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A Forty-One Year Old Cake

As our visit winds down my mother is trying to get in every last flavor she knows we love or remember. We've had meatloaf (twice), blueberry pie, chicken and rice, tatertot casserole, homemade coffeecake, good sharp Wisconsin cheddar and German sausage. (We've also gained about seven pounds, as one might expect.)

At a recent family gathering, my mother prepared for dessert a cake she's been making for my birthday as long as I can remember. She confirmed, as well, that she's had the recipe since the year I was born. Coincidence? Perhaps.

This recipe turns the average angelfood cake it into delicious layers of bitter chocolate and coffee that simply melt in your mouth. The recipe, a battered and besplattered piece of magazine paper that my mother reports is perhaps from a 1969 or 1968 issue of Better Homes and Gardens Magazine is tucked in the cookbook she keeps on the counter. My mother's adage, "It's only air." as she encourages us to eat something like dessert or clean up our plates is perhaps true for one of the few times ever.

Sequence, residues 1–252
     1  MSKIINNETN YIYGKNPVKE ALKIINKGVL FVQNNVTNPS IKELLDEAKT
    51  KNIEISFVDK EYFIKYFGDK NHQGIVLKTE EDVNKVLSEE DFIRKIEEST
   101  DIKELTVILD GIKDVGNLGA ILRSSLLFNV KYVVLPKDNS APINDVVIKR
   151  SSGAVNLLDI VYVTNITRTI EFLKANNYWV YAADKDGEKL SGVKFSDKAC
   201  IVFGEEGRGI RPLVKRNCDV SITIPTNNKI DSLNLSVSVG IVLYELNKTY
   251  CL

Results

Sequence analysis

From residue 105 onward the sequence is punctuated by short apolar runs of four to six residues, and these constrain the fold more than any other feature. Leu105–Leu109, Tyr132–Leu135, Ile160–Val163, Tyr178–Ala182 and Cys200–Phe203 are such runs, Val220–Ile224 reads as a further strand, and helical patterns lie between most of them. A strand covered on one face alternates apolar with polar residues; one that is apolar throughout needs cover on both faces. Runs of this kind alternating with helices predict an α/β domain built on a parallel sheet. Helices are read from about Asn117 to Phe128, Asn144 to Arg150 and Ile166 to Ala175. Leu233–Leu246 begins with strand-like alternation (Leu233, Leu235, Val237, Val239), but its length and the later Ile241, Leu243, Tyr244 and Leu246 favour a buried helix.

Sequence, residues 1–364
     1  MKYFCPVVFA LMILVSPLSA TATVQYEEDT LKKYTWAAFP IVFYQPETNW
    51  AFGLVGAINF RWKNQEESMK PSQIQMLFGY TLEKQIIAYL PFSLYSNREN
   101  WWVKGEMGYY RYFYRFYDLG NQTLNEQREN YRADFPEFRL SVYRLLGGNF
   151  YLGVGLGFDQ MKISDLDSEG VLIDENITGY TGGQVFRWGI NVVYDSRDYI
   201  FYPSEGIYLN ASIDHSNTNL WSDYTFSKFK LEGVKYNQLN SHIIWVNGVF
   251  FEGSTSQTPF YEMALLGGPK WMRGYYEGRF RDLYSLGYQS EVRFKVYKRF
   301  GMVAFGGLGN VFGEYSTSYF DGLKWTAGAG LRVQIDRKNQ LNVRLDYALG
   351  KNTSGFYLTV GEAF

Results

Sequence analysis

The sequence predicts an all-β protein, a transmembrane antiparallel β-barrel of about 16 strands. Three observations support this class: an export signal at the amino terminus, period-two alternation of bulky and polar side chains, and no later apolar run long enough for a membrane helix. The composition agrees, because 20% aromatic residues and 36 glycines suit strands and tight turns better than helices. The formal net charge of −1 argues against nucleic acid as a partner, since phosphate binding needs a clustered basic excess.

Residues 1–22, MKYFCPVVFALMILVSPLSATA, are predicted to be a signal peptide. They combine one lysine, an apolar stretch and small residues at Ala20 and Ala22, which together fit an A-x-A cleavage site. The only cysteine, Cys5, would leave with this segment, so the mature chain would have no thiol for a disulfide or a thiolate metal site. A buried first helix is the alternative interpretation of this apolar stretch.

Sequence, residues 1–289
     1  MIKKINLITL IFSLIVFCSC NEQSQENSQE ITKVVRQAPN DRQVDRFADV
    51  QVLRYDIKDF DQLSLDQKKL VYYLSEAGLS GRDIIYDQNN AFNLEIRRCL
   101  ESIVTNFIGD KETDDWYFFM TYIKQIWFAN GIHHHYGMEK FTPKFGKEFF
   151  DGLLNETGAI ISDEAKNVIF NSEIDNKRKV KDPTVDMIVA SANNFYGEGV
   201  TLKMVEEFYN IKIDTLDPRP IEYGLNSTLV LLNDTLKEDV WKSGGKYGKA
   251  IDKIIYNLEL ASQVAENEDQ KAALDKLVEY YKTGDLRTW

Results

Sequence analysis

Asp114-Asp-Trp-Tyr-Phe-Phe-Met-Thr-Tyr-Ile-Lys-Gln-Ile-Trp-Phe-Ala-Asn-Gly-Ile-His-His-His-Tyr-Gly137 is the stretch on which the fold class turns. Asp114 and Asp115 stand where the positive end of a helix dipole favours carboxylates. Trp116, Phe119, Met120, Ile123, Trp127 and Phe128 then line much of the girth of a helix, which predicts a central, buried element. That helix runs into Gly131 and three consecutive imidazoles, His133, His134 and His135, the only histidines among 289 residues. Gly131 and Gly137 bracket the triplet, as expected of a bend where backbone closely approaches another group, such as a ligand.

Heavenly Torte
1 7 ounce jar marshmallow creme
1 tablespoon hot water
1 1/2 teaspoons instant coffee powder
1 teaspoon vanilla
1 cup whipping cream
1 10-inch angel cake
1/2 square (1/2 ounce) semi-sweet chocolate, shaved (3 tablespoons)
2 tablespoons slivered almonds, toasted

In a small mixing bowl, combine marshmallow creme, hot water, coffee powder, and vanilla. Beat using electric mixer on low speed until blended, then beat at high speed until fluffy. Whip cream until soft peaks form. Fold in marshmallow creme mixture. Split cake cross-wise into three layers. Frost each layer with marshmallow filling; sprinkle with shaved chocolate. Assemble layers on cake plate and garnish top with toasted almonds.

Note from my mother:
- She sometimes uses ground walnuts rather than almonds, which is how I remember eating it most often. She also doesn't always toast the almonds. The day she made it here, she didn't toast them and we didn't mind in the least.
- She also shaves the chocolate directly onto the layer in question rather than shaving ahead of time and hand-sprinkling. (See photos.)

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